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Predicate<T> Delegate

Represents the method that defines a set of criteria and determines whether the specified object meets those criteria.

Namespace:  System
Assembly:  mscorlib (in mscorlib.dll)

public delegate bool Predicate<in T>(
	T obj
)

Type Parameters

in T

The type of the object to compare.

This type parameter is contravariant. That is, you can use either the type you specified or any type that is less derived. For more information about covariance and contravariance, see Covariance and Contravariance in Generics.

Parameters

obj
Type: T
The object to compare against the criteria defined within the method represented by this delegate.

Return Value

Type: System.Boolean
true if obj meets the criteria defined within the method represented by this delegate; otherwise, false.

This delegate is used by several methods of the Array and List<T> classes to search for elements in the collection.

The following code example uses a Predicate<T> delegate with the Array.Find<T> method to search an array of Point structures. The method the delegate represents, ProductGT10, returns true if the product of the X and Y fields is greater than 100,000. The Find<T> method calls the delegate for each element of the array, stopping at the first point that meets the test condition.

NoteNote

Visual Basic and C# users do not need to create the delegate explicitly, or to specify the type argument of the generic method. The compilers determine the necessary types from the method arguments you supply.


using System;
using System.Drawing;

public class Example
{
    public static void Main()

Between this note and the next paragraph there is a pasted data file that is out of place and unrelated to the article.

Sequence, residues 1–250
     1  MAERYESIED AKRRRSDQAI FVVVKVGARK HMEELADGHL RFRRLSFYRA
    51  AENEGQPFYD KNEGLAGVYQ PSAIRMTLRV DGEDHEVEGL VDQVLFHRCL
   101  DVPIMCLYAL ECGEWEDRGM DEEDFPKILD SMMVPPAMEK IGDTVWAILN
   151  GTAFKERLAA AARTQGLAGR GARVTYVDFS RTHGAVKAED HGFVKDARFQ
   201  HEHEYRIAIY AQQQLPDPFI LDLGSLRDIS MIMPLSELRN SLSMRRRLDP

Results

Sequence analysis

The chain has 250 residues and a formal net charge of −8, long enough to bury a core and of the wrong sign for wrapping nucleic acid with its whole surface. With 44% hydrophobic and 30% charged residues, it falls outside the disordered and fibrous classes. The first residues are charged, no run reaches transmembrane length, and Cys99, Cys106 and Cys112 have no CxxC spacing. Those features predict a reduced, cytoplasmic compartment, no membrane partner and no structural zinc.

{
        // Create an array of five Point structures.
        Point[] points = { new Point(100, 200), 
            new Point(150, 250), new Point(250, 375), 
            new Point(275, 395), new Point(295, 450) };

        // To find the first Point structure for which X times Y 
        // is greater than 100000, pass the array and a delegate
        // that represents the ProductGT10 method to the static 
        // Find method of the Array class. 
        Point first = Array.Find(points, ProductGT10);

        // Note that you do not need to create the delegate 
        // explicitly, or to specify the type parameter of the 
        // generic method, because the C# compiler has enough
        // context to determine that information for you.

        // Display the first structure found.
        Console.WriteLine("Found: X = {0}, Y = {1}", first.X, first.Y);
    }

    // This method implements the test condition for the Find
    // method.
    private static bool ProductGT10(Point p)
    {
        if (p.X * p.Y > 100000)
        {
            return true;
        }
        else
        {
            return false;
        }
    }
}

/* This code example produces the following output:

Found: X = 275, Y = 395
 */


.NET Framework

Supported in: 4, 3.5, 3.0, 2.0

.NET Framework Client Profile

Supported in: 4, 3.5 SP1

Windows 7, Windows Vista SP1 or later, Windows XP SP3, Windows XP SP2 x64 Edition, Windows Server 2008 (Server Core not supported), Windows Server 2008 R2 (Server Core supported with SP1 or later), Windows Server 2003 SP2

The .NET Framework does not support all versions of every platform. For a list of the supported versions, see .NET Framework System Requirements.

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